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Crop Relief on the Horizon, Meteorologist Says

For now, crops in the northern Plains, Midwest, and Corn Belt will remain hot and dry for the most part. However, relief is on the way . . . eventually.

Northern Plains 

The U.S. Drought Monitor has a highlighter-yellow chunk that’s been gaining some tan highlights. Those colors, representing abnormally dry conditions (yellow) and moderate drought (tan), aren’t great indicators for thirsty crops in the state of North Dakota, northwest Minnesota, and the bulk of South Dakota.

According to senior Accuweather meteorologist Dale Mohler, the northern Plains will get some short-lived relief next week with as much of an inch to 1.5 inches hitting North Dakota and Montana between Monday and Wednesday. Unfortunately, South Dakota isn’t likely to catch much of that system, but another storm may relieve South Dakota farms later next week. 

“I think it’s only temporary improvement,” says Mohler. “It looks like it would turn drier and warmer again later on this month.”

What’s Coming for the Corn Belt 

Across the Corn Belt, high temperatures have been widespread, although not as bad in the eastern Belt states. Temperatures will be particularly high, upper 80s and low 90s, all weekend but should drop back down into the normal range by Tuesday. The eastern part of the Belt will get the hot temperatures and cool down a day later, so Ohio should expect heat to set in on Sunday and pass by Wednesday.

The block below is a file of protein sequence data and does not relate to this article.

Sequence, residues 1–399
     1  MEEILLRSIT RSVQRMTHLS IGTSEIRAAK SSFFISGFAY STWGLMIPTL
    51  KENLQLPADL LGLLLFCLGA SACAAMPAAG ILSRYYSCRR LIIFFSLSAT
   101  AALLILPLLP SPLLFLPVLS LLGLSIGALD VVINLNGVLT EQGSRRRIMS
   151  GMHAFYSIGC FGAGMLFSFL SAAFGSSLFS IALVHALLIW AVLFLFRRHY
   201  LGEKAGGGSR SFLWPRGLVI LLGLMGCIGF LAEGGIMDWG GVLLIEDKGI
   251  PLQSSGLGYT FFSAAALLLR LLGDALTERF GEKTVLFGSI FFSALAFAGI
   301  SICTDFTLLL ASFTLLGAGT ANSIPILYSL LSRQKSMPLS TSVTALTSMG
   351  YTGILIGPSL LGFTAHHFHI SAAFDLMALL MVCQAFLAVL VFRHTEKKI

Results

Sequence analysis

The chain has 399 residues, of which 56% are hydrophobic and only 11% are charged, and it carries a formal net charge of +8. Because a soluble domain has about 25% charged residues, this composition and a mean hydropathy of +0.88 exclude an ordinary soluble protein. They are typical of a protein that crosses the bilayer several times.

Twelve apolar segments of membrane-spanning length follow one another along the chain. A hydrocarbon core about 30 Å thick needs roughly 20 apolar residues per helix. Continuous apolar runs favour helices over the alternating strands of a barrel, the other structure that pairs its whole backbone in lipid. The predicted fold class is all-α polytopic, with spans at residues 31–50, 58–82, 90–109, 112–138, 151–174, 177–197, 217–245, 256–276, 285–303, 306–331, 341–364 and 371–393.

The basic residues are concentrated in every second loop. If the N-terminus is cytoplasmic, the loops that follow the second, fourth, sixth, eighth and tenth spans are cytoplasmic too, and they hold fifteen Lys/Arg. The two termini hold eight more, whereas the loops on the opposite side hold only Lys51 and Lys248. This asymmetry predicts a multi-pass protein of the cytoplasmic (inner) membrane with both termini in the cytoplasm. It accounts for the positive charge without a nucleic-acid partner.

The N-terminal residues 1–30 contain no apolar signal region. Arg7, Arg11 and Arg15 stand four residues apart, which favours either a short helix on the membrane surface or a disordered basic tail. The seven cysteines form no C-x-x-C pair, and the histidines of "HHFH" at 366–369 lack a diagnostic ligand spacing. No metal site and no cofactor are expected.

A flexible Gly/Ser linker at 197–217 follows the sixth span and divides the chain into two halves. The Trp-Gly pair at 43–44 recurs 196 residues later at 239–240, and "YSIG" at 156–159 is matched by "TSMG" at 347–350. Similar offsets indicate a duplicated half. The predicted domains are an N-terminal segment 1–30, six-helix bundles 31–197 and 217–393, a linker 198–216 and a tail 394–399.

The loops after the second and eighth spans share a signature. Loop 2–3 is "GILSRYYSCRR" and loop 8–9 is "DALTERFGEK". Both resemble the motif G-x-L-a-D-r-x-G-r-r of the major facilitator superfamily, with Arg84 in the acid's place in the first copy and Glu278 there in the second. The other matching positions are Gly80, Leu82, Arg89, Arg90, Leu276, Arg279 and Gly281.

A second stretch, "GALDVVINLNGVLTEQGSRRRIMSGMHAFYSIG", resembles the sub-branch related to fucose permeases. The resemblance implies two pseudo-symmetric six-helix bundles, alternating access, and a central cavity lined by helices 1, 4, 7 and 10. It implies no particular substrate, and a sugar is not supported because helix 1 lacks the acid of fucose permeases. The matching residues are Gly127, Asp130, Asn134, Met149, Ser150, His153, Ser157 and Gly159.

When the following weekend rolls around, 2 inches of rain will hit the Corn Belt and more rainfall will be on the way. In Mohler’s 11- to 15-day forecast, which starts with the aforementioned storm, rains are more regular but scattered. “There’s no middle ground. You’ll either get significant rain or nothing at all,” he says.

July Predictions

It’s a little early for Mohler to be able to predict anything concrete, but if he had to make an estimate, he’d say that the first week of July has a good chance of being hotter than normal with below-average rainfall. 

“I think there might be little bit better rains in mid- to late-July, but from this far away that’s hard to pick out,” Mohler says. “Overall, I think July is probably a degree above normal and rainfall should be close to normal as a whole.”

If Mohler had to guess areas that he thought might be more dry or wet than a typical July, he’d say the Dakotas and western Minnesota will stay dry while Indiana, Ohio, and Michigan might be a little wetter than the rest of the Corn Belt. 

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